“Is It Too Late For Dreams”
(from a play written by da harv fifty years ago)
A quick forty or so years later —I don’t know how or where it went in such a sweeping flash— I awakened to a new day and the new year that had somehow miraculously become 1994…1995, 1996, or even later date than that… And my biggest learning factor, you may wonder (by now most people don’t need me to tell them) whether you’re having fun or not. Time appears for all of us to keep picking up more and more speed as we get older and older! DAMMIT! (Or your choice of words may be inserted here.)
Too many years later, one of those “unawareness” incidents took place. While it wasn’t anything in the nature of what one might refer to as outlandish, meeting and working intimately with the like of Cloris Leachman could be described as a dream come true.
If ever there would or could be a day during the life of what I dispel as being a worthwhile career… I have been fortunate enough to consider this personal fact:
On the day we received notice Cloris had passed away, I knew with absolute certainty, that all of us remaining on this planet who had worked with her stopped what they were doing, and thought of how privileged we had been to have shared with the lady in a very particular moment in time.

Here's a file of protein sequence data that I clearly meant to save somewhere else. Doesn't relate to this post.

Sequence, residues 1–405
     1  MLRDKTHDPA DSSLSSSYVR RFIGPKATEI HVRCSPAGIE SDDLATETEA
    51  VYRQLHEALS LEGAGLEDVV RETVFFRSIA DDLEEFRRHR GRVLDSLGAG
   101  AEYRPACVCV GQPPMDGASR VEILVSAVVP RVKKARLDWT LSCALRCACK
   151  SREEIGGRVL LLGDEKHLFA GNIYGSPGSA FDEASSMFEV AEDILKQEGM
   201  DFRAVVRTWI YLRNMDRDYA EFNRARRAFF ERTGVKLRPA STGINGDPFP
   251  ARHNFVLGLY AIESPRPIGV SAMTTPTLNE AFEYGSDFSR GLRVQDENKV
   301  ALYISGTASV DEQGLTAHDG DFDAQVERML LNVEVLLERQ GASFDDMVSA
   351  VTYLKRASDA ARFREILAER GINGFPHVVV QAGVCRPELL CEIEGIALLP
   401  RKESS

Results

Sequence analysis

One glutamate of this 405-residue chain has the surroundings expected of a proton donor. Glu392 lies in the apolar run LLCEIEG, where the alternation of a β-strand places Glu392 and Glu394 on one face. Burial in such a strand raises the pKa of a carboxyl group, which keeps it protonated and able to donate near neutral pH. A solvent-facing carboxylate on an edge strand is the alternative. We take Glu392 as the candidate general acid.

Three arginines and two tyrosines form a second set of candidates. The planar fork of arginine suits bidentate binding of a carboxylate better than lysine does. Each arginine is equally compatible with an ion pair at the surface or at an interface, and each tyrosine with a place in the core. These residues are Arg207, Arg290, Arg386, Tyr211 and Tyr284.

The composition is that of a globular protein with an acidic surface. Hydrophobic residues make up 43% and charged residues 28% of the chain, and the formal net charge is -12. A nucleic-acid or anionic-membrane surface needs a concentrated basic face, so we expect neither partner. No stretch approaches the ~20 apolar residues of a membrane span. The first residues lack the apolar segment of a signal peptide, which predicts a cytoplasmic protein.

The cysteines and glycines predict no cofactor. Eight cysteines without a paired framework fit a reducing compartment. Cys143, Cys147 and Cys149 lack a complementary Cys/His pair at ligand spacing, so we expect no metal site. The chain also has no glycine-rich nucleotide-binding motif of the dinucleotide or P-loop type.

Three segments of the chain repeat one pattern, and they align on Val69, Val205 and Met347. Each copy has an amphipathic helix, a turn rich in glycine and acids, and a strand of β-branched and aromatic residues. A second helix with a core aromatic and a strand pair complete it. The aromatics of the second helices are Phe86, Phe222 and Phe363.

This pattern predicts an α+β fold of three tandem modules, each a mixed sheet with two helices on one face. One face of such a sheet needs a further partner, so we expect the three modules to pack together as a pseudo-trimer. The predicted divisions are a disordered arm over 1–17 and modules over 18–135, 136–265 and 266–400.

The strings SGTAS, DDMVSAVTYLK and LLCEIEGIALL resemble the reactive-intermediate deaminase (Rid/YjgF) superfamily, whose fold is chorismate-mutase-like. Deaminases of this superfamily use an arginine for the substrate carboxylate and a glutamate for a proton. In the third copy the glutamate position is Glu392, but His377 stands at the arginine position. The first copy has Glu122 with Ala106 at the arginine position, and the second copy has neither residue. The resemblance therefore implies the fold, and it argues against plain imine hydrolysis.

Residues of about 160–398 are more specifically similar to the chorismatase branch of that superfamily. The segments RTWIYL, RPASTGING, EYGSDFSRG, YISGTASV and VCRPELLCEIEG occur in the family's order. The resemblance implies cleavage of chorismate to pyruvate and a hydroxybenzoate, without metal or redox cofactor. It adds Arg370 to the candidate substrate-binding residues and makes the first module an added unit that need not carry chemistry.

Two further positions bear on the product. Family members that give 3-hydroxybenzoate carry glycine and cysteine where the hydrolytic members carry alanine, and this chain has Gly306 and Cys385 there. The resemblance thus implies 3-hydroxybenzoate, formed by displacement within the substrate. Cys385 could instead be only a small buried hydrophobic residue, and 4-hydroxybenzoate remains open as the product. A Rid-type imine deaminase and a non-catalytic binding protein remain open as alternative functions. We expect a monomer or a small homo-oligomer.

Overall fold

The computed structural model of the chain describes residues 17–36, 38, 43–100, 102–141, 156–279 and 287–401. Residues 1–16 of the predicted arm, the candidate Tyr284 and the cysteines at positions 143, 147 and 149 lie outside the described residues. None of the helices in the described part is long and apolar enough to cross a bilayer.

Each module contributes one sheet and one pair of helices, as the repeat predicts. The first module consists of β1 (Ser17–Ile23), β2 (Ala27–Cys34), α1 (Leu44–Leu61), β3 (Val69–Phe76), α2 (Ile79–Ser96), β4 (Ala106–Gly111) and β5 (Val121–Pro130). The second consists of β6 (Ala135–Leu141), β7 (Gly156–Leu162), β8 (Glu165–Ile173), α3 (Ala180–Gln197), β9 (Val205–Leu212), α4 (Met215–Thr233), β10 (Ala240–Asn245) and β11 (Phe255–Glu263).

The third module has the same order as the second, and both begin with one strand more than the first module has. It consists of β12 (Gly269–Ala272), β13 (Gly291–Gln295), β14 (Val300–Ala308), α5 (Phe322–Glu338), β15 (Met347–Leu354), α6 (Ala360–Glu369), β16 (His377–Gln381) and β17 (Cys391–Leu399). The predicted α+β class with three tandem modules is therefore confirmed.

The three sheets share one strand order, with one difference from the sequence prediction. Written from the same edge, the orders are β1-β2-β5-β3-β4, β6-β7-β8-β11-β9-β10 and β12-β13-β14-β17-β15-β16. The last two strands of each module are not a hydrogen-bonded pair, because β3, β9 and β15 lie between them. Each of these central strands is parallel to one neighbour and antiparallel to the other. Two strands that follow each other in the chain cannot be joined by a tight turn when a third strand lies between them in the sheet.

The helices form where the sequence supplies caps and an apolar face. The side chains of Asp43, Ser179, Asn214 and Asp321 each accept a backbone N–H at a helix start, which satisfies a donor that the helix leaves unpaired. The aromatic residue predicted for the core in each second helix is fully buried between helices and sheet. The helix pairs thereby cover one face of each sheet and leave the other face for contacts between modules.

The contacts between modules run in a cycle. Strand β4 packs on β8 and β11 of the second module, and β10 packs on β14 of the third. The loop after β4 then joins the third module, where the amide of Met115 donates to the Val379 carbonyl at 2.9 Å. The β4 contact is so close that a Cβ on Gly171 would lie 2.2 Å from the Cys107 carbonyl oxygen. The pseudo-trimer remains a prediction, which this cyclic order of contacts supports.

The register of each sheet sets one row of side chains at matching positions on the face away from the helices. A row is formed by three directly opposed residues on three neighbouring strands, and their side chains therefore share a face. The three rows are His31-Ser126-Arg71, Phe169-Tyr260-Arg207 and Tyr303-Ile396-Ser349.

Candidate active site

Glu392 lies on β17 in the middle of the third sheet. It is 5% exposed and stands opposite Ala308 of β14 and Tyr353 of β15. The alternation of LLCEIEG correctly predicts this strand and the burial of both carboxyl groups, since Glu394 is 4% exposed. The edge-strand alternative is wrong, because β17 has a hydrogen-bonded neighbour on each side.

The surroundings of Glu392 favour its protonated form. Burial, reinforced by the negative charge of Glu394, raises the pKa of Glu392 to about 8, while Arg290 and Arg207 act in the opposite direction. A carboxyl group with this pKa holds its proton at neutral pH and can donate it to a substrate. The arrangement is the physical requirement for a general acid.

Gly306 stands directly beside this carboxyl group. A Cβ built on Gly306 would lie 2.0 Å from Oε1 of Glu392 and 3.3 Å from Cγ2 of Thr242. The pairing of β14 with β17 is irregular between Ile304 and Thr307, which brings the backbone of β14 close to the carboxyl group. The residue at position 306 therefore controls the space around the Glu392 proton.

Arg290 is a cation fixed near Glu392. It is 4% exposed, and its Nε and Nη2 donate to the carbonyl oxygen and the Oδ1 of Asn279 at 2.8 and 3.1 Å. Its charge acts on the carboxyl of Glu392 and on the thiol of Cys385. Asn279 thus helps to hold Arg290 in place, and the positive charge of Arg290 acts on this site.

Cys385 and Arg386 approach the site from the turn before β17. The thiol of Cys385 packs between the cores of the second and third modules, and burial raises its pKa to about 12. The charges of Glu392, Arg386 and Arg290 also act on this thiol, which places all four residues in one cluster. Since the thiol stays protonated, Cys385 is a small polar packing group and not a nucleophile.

It was 1994 when an animated movie “A Troll In Central Park” was released by “Sullivan Bluth Studios”, Ireland. At the time, I was their casting director.
Note: While I was extremely qualified for the position, I got the job by nothing more than being in the right place at the right time. One of my voiceover acting students liked the way I was able to help him get a part in an animated film he was desperately auditioning for. Honestly, I can’t recall what chain of events actually occurred.
Turned out that my student belonged to the same country club as the then president of “Sullivan Bluth Productions”. I received a call from “Morris Sullivan”, and the next thing you know, I was in place working as their casting director. Overnight, my stature improved from broke bachelor to prosperous casting and chief cook and bottle washer for Sullivan Bluth Productions. My student—unaware by me—had the man at the top thoroughly beguiled by the way he described my prowess as a director.
It’s amazing how some positions in life just pop up for you to do whatever happens to be there for you to do. Being able to make a living while enjoying my work was a spectacular existence! I worked on many scripts for Bluth and company, but most of the films never got off the ground (made any money), especially by today’s standards regarding feature film animation. But of all the great many animation film adventures I was lucky enough to work on, only one title and one performer has and remains with me this very day.
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